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The History of the Air Jordan 7

Air Jordan 7 OG 'Hare'
Air Jordan 7 OG 'Cardinal'
Air Jordan 7 Retro 'Doernbecher' Sample
Air Jordan 7 Retro 'For The Love Of The Game'
Air Jordan 7 Retro 'DMP'
Air Jordan 7 Retro 'J2K'

When the Air Jordan VII was released, the franchise was bulletproof. The Air Jordan line was already a juggernaut in 1992. By 1992, Michael Jordan had won his first NBA championship, and he was quickly becoming the GOAT of basketball. The 7 was on the feet of the GOAT during some of his biggest career highlights.


Tinker Hatfield looked to anything and everything for inspiration when it came to his designs for Nike and Jordan Brand. The Air Jordan 7 took inspiration from African tribal artwork. African art inspiration was present on the upper of the shoe, the multicolored tongue print, and the design of the outsole.


The Air Jordan VII gave Michael Jordan a new ad partner, move over Spike Lee, Bugs Bunny was brought in for the brand as an endorser. The ad campaign was one of the most unforgettable ones for Jordan. The mixing of live action and animation was ambitious for a television commercial in 1992. In 2015 an Air Jordan Retro “Hare” was released. The shoe paid tribute to the beloved 90s ad campaign and the animated pitch rabbit, Bugs Bunny.

hare jordan 7


In 1992 there were five colorways of the Air Jordan VII released. Since then, the 7 has received a lot of retro reissues, which is of course standard now for the brand. Jordan laced up the 7 in the 1992 NBA Finals. The legendary series had Jordan’s Chicago Bulls facing off against Clyde Drexler’s Portland Trailblazers. MJ wore the shoe in Game 1 of the 1992 Finals, that game is known for Jordan’s iconic shrug as he hit six three point shots in the first half of a win for the Bulls. He would also wear the 7 at the Barcelona Olympics for the Dream Team. Jordan won his second championship ring, and second Olympic gold medal, in the VII. Some of Jordan’s most memorable moments happened while he was wearing the Air Jordan 7.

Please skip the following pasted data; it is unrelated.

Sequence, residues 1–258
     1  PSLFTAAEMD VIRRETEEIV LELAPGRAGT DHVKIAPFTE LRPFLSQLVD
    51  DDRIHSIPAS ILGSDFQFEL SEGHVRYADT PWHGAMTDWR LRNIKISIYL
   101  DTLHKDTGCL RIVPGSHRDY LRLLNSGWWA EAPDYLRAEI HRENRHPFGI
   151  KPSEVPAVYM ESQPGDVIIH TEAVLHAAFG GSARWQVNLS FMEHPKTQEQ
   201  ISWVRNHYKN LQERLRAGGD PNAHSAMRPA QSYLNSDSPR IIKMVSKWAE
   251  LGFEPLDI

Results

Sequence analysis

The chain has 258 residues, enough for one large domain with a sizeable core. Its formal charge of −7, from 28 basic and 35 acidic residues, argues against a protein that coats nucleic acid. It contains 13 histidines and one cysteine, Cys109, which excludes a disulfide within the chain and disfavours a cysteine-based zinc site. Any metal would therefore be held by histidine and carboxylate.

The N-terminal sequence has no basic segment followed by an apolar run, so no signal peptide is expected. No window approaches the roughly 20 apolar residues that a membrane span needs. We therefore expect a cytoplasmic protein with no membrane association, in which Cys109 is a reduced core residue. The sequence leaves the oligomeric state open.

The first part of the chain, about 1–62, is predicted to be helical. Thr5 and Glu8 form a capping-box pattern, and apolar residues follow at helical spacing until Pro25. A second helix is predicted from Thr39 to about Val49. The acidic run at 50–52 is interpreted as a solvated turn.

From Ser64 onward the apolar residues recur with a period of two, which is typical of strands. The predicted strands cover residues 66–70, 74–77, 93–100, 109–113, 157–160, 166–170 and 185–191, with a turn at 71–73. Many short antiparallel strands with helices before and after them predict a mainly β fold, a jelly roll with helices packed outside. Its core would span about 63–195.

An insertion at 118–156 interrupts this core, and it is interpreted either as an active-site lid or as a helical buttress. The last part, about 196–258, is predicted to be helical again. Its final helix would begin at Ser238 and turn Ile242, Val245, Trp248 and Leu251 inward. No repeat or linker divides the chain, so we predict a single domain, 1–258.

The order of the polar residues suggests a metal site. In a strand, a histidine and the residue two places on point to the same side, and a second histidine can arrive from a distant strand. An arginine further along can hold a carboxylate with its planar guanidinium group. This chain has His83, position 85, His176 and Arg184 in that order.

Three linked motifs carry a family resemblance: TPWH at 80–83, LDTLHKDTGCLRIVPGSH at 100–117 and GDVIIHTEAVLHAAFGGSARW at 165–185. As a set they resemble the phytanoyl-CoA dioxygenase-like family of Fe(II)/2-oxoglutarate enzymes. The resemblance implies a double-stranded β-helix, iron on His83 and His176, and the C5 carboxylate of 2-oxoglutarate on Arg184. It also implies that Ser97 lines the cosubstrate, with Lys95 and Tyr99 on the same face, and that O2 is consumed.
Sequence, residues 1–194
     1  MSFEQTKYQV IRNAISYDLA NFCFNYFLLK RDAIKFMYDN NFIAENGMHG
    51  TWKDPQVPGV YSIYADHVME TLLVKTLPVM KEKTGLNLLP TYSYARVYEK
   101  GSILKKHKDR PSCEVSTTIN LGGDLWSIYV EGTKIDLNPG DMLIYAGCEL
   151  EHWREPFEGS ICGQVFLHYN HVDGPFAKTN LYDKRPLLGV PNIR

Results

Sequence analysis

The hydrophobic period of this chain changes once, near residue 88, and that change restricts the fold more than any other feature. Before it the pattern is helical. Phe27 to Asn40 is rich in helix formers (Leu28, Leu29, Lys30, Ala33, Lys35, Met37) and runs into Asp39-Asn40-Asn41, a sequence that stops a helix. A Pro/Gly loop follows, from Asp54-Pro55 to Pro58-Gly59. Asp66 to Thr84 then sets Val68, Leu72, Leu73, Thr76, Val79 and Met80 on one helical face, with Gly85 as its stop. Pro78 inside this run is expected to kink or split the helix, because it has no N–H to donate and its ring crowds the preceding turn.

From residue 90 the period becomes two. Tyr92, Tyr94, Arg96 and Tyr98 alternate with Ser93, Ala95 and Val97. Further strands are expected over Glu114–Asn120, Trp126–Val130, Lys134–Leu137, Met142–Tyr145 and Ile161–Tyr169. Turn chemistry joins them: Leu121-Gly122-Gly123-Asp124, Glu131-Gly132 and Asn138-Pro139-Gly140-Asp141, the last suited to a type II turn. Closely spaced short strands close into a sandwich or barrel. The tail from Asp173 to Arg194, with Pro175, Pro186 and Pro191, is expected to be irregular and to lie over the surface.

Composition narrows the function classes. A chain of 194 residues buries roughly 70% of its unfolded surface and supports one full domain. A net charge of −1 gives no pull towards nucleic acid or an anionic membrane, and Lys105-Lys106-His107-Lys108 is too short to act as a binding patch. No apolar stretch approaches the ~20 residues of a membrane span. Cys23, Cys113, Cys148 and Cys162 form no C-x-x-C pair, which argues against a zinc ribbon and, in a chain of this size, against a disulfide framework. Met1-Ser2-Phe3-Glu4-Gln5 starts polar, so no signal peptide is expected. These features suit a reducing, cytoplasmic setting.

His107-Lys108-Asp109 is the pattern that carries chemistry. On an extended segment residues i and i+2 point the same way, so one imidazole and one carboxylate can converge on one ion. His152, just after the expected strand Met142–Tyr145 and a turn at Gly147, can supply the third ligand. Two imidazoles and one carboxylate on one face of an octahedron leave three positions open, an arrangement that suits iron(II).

The Birth Of Jordan Brand

In 1997, Jordan Brand and Nike decided to let the Air Jordan line operate 100% independently. It was a bold decision that showed the strong belief Nike had in the brand. The decision was probably heavily influenced by the fact that at the time it was widely believed that the ‘97-98 basketball season would be Michael Jordan’s last. Nike had to do something gigantic to let it be known to the consumer that the Jumpman logo wasn’t going away and that it was here to stay.

Longtime Survival

Jordan Brand was more than accepting and understanding of the fact that it was built on the back of the most beloved athlete in history. To survive separately from Nike, they would need talent from the sports world to endorse their company’s products.

The first group of athletes to join Jordan Brand included basketball stars Vin Baker, Eddie Jones, Derek Anderson, Michael Finley and Ray Allen. At the time all of those players were young stars with bright futures ahead of them in the NBA. They all had a strong competitive nature and skills sets that were electrifying to watch. The youthful group also personified elegance—on and off the court. That collection of players, known as the “Class of 1997,” were the embodiment of what the Air Jordan name stood for.

- Adam C. Better